Well, 826 square feet of you at least.
This past week, I did something a little unlike me. And by "unlike me," I mean something actually responsible and mature.
I bought a house. A cute two-bed, two-bath little bungalow (I don't know if it's really classified as a bungalow; I just really like that word) with a big backyard, a sun room, and a dark blue front door. Sure, it's got some weird quirks, — like a homemade garage bathroom where the light switch is only accessible by reaching your hand through a hole in the wall — but it's home.
And I couldn't be happier that it's all over.
The experience itself was nothing short of exhausting. For the past six months, I've been knee-deep in real estate and not much else. My car was cluttered with house fact sheets. My calendar was filled with showing appointments. The only texts I got past 10 p.m. were from my realtor/partner in crime Brenda Benz of RE/MAX.
What I really wasn't prepared for — and I wasn't prepared for much — was the emotional toll the process would take on me. I fell in love and got my heart broken at least three times thanks to termites and bad roofs. There were points I considered settling for something outside the Ormond Beach city limits just because finding a house with everything on my checklist seemed pretty impossible. I'm not gonna lie to you guys, I cried a lot.
But then one day Brenda called me and told me she had found a nice little property, and I needed to get over there ASAP. Because that's the other super-fun thing about buying a house: you're forced to make a huge life decision in about an hour.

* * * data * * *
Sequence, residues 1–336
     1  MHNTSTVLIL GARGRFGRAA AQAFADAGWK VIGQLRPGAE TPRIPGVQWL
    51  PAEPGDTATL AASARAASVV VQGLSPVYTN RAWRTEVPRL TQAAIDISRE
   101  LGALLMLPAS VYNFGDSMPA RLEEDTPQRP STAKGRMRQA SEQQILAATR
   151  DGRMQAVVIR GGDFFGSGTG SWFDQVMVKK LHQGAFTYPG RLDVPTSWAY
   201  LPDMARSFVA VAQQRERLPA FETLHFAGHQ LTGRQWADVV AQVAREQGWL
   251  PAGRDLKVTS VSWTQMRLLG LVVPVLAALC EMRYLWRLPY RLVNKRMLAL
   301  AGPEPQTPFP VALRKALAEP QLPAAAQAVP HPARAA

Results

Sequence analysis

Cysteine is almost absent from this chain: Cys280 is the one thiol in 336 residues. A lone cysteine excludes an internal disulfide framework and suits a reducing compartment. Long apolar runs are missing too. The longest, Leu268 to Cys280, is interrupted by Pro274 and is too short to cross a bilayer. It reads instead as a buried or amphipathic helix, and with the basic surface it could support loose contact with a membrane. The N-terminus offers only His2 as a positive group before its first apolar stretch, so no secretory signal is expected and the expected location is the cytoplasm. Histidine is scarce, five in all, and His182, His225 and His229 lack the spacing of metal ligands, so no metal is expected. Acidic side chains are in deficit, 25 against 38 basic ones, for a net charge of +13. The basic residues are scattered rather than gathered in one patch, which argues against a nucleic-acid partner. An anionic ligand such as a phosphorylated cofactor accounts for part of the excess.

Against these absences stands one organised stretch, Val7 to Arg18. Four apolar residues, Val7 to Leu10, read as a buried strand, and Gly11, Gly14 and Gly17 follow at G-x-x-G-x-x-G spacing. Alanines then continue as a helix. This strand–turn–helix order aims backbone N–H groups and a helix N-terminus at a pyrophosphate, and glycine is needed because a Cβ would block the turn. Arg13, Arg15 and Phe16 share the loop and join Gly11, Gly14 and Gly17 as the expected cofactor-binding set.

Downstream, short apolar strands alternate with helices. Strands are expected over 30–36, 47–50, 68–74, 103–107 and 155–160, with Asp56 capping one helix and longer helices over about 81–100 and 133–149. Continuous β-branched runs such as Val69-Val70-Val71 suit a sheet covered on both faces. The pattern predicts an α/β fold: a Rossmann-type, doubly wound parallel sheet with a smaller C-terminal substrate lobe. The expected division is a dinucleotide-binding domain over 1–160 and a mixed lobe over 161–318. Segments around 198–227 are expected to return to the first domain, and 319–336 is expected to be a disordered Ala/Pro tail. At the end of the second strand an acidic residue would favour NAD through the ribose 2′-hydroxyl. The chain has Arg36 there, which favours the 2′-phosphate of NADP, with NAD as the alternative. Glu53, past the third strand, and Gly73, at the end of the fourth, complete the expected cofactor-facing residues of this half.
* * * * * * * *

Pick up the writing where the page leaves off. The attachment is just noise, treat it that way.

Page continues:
When I first walked through the doors of my future home, I didn't feel what I would expect to feel. In a weird way, I had put up a little guard over my heart not to get too excited about anything because I had been let down so much. In fact, I didn't let myself think anything was going to happen until I signed the papers and the keys were in my hands.
It was then that it all felt real — and I cried again.
Because while yes, I'm a slightly selfish person who has no trouble splurging on lattes, I never thought in a million years that I'd be able to do this. Let's be real, I don't work in the most lucrative field, and I kind of always thought I'd rent until I got married and someone else could take care of it.
But thanks to the encouragement of my parents and my friends, I realized I didn't want to wait for someone to take care of me. I wanted to do it myself.
Well for myself, and for my pets. But mostly for me.